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Exploring the Ethicality and Legality of Sex Verification Testing in Sports

Authored by: Saaransh Mishra

Edited by: Kausumi Saha


Indian Sprinter Dutee Chand rose to prominence between 2012 and 2014, when she became India’s most promising prospect for an Olympic medal. After a successful run at the junior level, Chand was set to represent India on the international stage at the Glasgow Commonwealth Games in 2014. However, hours before, Chand was informed that she has been dropped from the team because a set of medical tests found that she had high levels of testosterone in her body, a situation referred to as ‘hyperandrogenism’ [1].

Similarly, 25-year-old Santhi Soundarajan’s euphoria over her podium finish with a silver medal at the 2006 Asian Games at Doha was dimmed two days later as she was summoned by the Indian sports officials for the performance of some medical tests. The news revealed later that Santhi had “failed the test”. The sports authorities had concluded that she did not possess the sexual characteristics of a woman, and thus, would be disqualified and stripped of her medal [2].

This treatment meted out to the two athletes by the Athletics Federation of India (AFI) is in congruence with a highly controversial rule of the governing body for world athletics, the International Association of Athletics Federation (IAAF). The rule states that any female athlete found to have more than 10 nanomoles per litre of naturally occurring free testosterone (about three times the typical female range) would be deemed unfit to compete in the category of females, unless they underwent surgical or other medical procedures to reduce the amount of testosterone in their bodies [3]. Both Indian athletes fell prey to a practice prevalent since the 1930s, called ‘sex verification’. This practice specifically victimises intersex athletes like Chand and Soundarajan. Intersexuality is a form of congenital mixed sex anatomy, wherein a person is born with a reproductive/sexual anatomy that does not fit the binaries of ‘male’ or ‘female’. For instance, intersex people may have genitalia or internal sex organs that fall outside the male/female category. Other intersex people have combinations of chromosomes that are different than XY and XX, like XXY [4] [5].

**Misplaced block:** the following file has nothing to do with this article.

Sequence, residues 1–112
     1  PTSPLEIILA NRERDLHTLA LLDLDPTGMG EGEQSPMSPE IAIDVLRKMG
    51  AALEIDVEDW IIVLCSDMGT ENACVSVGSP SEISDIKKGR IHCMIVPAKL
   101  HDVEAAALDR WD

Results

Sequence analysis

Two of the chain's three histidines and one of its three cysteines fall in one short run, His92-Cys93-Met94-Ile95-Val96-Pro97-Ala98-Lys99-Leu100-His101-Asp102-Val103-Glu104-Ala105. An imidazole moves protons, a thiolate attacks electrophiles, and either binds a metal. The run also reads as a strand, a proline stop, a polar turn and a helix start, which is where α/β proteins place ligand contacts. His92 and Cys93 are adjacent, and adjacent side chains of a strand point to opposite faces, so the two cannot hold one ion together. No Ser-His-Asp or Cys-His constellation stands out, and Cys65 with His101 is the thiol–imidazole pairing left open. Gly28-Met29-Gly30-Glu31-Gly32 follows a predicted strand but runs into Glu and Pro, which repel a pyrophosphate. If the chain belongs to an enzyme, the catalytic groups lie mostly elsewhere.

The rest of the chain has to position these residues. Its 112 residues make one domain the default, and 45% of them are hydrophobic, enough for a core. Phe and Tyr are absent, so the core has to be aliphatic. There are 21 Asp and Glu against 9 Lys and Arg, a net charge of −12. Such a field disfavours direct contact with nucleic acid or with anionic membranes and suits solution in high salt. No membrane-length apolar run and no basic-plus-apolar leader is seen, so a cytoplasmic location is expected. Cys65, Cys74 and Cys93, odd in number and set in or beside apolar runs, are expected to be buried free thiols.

Sex verification as a practice gained prominence as the prestige and importance accorded to international athletics grew in the 20th century. The apprehension of ‘gender fraud’ by male athletes in pursuit of glory compelled critics to support this practice [6]. It aimed to ensure that no males took part in the female category disguised as females. In 1946, the IAAF required female athletes to submit medical certificates to ‘verify’ their sex. At the European Athletics Championship in 1966, the female competitors were subjected to the humiliating act of having to parade nude in front of three gynaecologists for the visual inspection of their genitals. In 1967, the IAAF shifted to a laboratory-based Barr Body test, typically obtained by swabbing the inside of the athletes’ cheeks. An XX result effectively established femaleness, barring which athletes could not compete in the female category [7]. Since then, there have been a variety of methods through which sex verification testing has taken place globally and has affected renowned atheletes like Polish sprinter Ewa Klobukowska in 1967, Spanish hurdler Maria José Martínez Patiño in 1985, and South African runner Caster Semenya in 2009, among others.